Waiting at the bottom of The Summer Road, I glanced right, then left.
Coast is clear, and I pulled out, heading down to Boulder for work. Within seconds, the white sedan was on my bumper. Unlike some of my friends, I don’t have that much ego when someone is right behind me. I’m happy to pull over and let them go by. I know Boulder Canyon can have wildlife standing in the middle of the road. The last thing I want is someone rear-ending me.
But since the construction started, opportunities to pull over are limited. The Boulder Falls turnout is barricaded off. Many of the turnouts are filled with construction equipment.
All of this became moot. As soon as I came round the curve, the driver zoomed around me, passing on a double yellow. I felt annoyed, not because I’d been passed. This driver put others at risk in his impatience to get down the hill.
But it got worse from there. He proceeded to weave back and forth behind the next vehicle, then passed him on a double yellow curve. He repeated this pattern two more times that I saw, including in a work zone with workers and heavy equipment along the side of the road.
The sum total of his efforts?
We both got held up at the 1-lane construction zone at the mouth of the canyon with Mr. Speedy ending up five cars ahead of me.
He ended up getting to Boulder approximately 10 seconds faster than me.
If you’ve read this blog at all, you know I”m not always the most patient driver. I’ve driven Boulder Canyon hundreds of times over ten years. When tourists are meandering along 10 miles below the speed limit, I get a bit annoyed. But not once during all that time, have I ever tried to pass someone on a double yellow, or even contemplated it.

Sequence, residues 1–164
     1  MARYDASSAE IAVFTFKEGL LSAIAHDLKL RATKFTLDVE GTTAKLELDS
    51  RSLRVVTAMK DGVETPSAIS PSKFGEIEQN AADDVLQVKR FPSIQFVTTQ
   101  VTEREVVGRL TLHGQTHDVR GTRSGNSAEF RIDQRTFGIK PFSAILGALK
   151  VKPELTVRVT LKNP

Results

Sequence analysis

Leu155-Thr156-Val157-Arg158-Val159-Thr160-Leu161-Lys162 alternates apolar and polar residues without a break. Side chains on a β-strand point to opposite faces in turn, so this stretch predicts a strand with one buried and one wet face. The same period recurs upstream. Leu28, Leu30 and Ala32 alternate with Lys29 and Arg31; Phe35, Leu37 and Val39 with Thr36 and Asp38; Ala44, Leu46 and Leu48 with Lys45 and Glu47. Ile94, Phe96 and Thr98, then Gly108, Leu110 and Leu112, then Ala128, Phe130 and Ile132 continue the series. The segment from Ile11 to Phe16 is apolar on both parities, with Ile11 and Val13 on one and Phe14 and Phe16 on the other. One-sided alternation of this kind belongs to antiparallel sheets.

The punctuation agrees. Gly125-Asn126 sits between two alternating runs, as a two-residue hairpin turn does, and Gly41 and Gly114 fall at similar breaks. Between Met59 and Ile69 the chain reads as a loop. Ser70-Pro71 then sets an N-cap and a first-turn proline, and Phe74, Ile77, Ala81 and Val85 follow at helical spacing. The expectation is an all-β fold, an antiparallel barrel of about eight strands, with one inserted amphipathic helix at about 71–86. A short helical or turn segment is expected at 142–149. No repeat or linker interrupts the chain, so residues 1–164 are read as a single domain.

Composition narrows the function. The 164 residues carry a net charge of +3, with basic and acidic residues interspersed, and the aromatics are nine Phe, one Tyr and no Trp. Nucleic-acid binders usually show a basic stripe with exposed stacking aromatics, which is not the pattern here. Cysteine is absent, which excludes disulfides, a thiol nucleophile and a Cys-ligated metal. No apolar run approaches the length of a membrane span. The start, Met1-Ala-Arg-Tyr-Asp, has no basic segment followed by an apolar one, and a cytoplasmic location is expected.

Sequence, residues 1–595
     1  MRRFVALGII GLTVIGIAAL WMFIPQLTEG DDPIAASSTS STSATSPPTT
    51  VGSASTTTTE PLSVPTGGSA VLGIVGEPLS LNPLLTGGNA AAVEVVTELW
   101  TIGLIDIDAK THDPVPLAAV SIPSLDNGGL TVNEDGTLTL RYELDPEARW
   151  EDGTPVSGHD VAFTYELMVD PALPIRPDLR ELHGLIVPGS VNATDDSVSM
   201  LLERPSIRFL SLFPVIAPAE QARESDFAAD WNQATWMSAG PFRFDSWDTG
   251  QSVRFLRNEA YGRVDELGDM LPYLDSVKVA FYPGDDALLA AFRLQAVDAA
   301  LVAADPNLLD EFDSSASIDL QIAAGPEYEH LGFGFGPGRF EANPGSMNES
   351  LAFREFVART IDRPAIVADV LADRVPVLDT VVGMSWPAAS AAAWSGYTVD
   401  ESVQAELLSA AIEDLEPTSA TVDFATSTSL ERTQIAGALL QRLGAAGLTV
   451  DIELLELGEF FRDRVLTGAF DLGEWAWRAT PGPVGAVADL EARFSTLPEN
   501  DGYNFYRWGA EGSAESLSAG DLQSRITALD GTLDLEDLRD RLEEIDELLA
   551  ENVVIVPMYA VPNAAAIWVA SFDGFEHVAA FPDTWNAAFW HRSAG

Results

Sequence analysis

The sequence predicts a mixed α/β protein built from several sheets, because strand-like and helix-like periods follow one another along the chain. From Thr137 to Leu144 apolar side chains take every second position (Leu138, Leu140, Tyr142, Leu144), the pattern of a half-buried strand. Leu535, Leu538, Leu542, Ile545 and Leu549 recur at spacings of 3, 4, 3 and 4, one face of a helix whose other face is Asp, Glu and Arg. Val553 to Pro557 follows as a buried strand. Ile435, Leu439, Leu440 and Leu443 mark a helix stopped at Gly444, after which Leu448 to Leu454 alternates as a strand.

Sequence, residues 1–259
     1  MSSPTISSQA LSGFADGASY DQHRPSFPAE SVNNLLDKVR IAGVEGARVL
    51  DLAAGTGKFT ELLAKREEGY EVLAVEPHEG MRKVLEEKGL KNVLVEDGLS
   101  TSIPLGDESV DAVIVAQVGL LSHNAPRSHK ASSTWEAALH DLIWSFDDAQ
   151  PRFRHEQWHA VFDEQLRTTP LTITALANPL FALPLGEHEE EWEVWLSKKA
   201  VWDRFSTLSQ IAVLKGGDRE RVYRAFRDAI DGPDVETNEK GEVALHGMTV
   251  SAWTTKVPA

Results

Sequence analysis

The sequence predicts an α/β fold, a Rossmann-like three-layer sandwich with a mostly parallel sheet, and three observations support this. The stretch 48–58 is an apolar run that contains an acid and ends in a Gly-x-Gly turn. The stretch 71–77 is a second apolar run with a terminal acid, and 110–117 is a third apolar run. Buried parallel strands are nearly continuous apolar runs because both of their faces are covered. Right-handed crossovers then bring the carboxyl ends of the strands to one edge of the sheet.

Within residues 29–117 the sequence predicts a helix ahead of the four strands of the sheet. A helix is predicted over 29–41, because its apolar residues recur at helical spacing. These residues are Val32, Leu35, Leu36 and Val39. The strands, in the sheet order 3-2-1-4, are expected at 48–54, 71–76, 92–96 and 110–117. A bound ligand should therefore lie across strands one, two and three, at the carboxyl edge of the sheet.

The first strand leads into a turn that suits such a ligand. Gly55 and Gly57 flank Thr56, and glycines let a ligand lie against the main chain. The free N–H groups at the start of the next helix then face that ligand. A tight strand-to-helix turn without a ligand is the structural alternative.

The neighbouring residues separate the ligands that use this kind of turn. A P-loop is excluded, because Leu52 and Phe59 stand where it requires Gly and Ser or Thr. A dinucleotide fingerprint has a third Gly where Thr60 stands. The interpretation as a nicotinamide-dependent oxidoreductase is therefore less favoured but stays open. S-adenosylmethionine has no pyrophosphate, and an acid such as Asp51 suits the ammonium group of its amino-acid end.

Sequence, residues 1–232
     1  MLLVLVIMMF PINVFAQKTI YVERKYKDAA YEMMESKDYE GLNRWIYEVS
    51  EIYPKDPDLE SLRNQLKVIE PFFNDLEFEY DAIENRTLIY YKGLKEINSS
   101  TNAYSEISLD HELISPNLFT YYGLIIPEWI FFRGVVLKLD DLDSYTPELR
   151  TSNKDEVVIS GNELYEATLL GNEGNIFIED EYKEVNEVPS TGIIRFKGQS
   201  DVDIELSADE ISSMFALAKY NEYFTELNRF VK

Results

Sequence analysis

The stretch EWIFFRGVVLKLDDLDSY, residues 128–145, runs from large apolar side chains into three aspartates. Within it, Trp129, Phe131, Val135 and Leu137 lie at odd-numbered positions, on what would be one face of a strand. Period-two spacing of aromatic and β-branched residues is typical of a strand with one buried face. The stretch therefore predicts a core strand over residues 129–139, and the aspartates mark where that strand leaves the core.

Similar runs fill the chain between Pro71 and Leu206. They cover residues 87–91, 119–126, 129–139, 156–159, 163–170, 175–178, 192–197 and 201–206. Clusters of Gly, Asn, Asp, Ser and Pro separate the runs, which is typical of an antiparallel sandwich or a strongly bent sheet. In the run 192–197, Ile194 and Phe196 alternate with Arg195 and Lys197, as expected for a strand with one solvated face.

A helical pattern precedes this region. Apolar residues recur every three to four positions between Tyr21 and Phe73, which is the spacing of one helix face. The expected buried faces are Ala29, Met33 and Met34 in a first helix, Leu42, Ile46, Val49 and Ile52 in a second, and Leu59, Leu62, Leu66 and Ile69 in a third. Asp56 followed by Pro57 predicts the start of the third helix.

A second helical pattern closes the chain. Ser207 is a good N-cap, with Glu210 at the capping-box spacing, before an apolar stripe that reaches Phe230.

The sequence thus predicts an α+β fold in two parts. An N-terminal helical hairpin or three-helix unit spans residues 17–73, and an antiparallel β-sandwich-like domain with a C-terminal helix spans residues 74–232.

I’ve seen the results of deadly accidents in the mountains. Cars slammed against the hillside. Cars flipped over on their roofs. Motorcycles strewn across the pavement. It’s heartbreaking to know whose son, daughter, or parent might have been lost forever because of one person’s seeming road rage.
It can be maddening to witness such reckless driving. Why isn’t there a police office when you need them? But you aren’t powerless. If you see someone driving recklessly on Colorado’s roadways, you can report them to the Colorado State Patrol, by dialing *CSP (277). They keep a record of the number of reports and contact the individual if they receive multiple reports.
In the meantime, the safest thing you can do if someone is tailing you is get out of the way and call it in.
Driving in the mountains is not the place to take chances, especially when lives are at stake.